Bidrush #1

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Bidrush #1

Bidrush #1

What's your bid (IMPs Scoring)?

Pass 10 8
5 :spades: 7 5
5 :hearts: 6 2
Dbl 4 0
6 :spades: 0 0
6 :hearts: 0 0
5NT 0 0
6 :clubs: 0 0
6NT 0 0
6 :diamonds: 0 0

There appear to be only three real options, and more than 90% of competition entrants choose one of those three. The panel votes only 8-to-7 in favor of defending, but I think the passers also have the best of the debate:

BIRD: Pass. Do I want to invest a likely -500 against a diamond game that is no certainty to make? I might do so at matchpoints, but not at IMPs.

KOH: Pass. I might bid 5♠ at matchpoints, but not IMPs. Attempting to save 100 points (-500 vs -600) is too risky when it is possible either that 5 will go down or that the opponents should be in slam. We have already made them guess, so it is time to hope they have done the wrong thing.

FREDIN: Pass. I hope partner has a slow club trick, otherwise it will likely make.

FINDLAY: Pass. At first glance, it looks like we should be saving. 5♠ would most likely go two down for -500. However, there is a reasonable chance that partner may have a trick in one of the minors, giving us three tricks for +100. It is also possible that they can make 12 tricks, and I would not want to push them there.

COHEN: Pass. Once I pre-empt, I typically don’t bid again. Hopefully, the pre-empt has done its job. Also, I have decent defensive prospects, especially if North is 1-2 in the majors. Lastly, 5♠ is likely -500 anyway so, even if 5 makes, sacrificing will not show much profit.

ROBSON: Pass. I reckon 5♠ is probably two down (unless partner has a singleton diamond), so it’s no big deal to save, but I still feel a bit feeble to sell. I'll guess to lead the K.

Wen Fei makes an important point that many missed:

WANG: Pass. The five-level belongs to opponents. If partner has a singleton heart, maybe they cannot even make 5 .

Tim sums up the case for the defense.

COPE: Pass. Whilst one expects 5♠ to go for only 500, are we really trying to gain 3 IMPs? There are many hands where we cannot even beat 6 , but there will also be some on which 5 will go down, if we can take a spade trick, a heart trick and one unexpected trick from partner. Based on risk/reward, it must be best to pass 5 . We only lose out significantly if they can make exactly 11 tricks AND partner has a singleton diamond so that we could have escaped for -200.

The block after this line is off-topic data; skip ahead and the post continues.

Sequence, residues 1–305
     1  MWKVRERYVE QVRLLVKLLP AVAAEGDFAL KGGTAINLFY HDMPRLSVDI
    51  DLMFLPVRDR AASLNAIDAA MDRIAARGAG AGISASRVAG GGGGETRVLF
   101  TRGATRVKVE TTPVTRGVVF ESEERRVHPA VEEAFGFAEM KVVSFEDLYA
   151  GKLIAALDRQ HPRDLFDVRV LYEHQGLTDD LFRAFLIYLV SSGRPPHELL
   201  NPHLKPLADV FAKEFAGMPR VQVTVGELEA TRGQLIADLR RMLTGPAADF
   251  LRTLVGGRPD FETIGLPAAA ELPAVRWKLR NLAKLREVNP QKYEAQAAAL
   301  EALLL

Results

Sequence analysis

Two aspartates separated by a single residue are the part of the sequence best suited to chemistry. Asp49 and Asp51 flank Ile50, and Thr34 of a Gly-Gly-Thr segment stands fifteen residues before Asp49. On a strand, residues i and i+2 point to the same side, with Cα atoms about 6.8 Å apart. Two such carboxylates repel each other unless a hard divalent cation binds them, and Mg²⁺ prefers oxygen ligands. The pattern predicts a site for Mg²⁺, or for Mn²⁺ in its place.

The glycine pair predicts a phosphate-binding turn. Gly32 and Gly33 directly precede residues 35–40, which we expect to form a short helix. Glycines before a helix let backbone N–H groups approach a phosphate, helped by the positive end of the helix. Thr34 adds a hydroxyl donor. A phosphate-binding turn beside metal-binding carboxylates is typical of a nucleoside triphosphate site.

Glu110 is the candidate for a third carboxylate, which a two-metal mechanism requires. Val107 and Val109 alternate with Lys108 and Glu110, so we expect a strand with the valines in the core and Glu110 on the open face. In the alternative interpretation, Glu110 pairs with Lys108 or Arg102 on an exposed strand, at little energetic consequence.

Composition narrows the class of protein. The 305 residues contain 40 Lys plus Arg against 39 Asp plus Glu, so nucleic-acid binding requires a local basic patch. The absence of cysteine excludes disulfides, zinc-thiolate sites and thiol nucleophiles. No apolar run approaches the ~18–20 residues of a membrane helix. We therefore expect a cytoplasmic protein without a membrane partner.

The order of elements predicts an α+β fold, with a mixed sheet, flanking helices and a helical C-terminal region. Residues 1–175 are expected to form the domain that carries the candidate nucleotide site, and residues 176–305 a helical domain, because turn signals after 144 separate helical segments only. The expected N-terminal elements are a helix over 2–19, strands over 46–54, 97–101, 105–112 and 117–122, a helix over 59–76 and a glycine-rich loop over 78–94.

So, what do the bidders have to say?

DEWIJS: 5♠ . Who knows?

BRINK: 5♠ . The five-level is for the opponents. But, that said, 5♠ is usually at most two down. Can 5 be defeated? Sure, the A is enough (and spades 1-1). But since nobody knows, I like to give the opponents the last chance to make a mistake. I bid 5♠ , and let’s hope the opponents have no idea whether to bid or not to bid.

KLUKOWSKI: 5♠ . Kind of a matchpoint bid, because we are likely to go down two for -500, but maybe partner has a stiff diamond, or the A? For me, pass is not an option.

If you are going to bid, Dave points out why 5♠ is the best option.

WILLIAMS: 5♠ . 5 is pointless as we are on lead already. We MIGHT get a heart trick and we MIGHT get a club trick too, if partner has something useful there. But we can’t double, as we can’t rely on a defensive spade trick and partner could just have KQJxxx and nothing else. It’s more of an offensive hand than a defensive one, so I bid to the length of our fit with 5♠ .

A few seem to be worried that, having asked his partner to choose a minor, North is going to overrule him and play in clubs anyway, leaving partner on lead.

MOSLON: 5♠ . I go with the law. I would like to bid 5 , but the problem is that I don’t want a heart lead against slam if spades are 1/1. So I hope for the best.

MEYERS: 5 . I realize this is tipping them off to my distribution, but I don’t know that a spade lead would survive, and if they bid slam and partner has a minor-suit trick I would like to get our heart trick(s) set up.

SUNDELIN: 5 . I am gambling that they won’t make slam on a heart lead, or that partner sacrifices with the right cards, and that 5♠ will make or be cheap, and that they make 5m. Hmmm, perhaps I am hoping too much.

Partner had KQ109xx/x/10x/Q109x so, as expected, you have four top losers in 5♠ -X. However, both sides could make only nine tricks: North was 1-3-4-5 shape and declarer in 5 had to lose a spade, two hearts and a club.

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7 comments on “Bidrush #1”
  1. Like some other quizzes, the answers can be seen by me even before attempting the quiz. This is because first the answer comes then then the choices, and simultaneously the answer disappears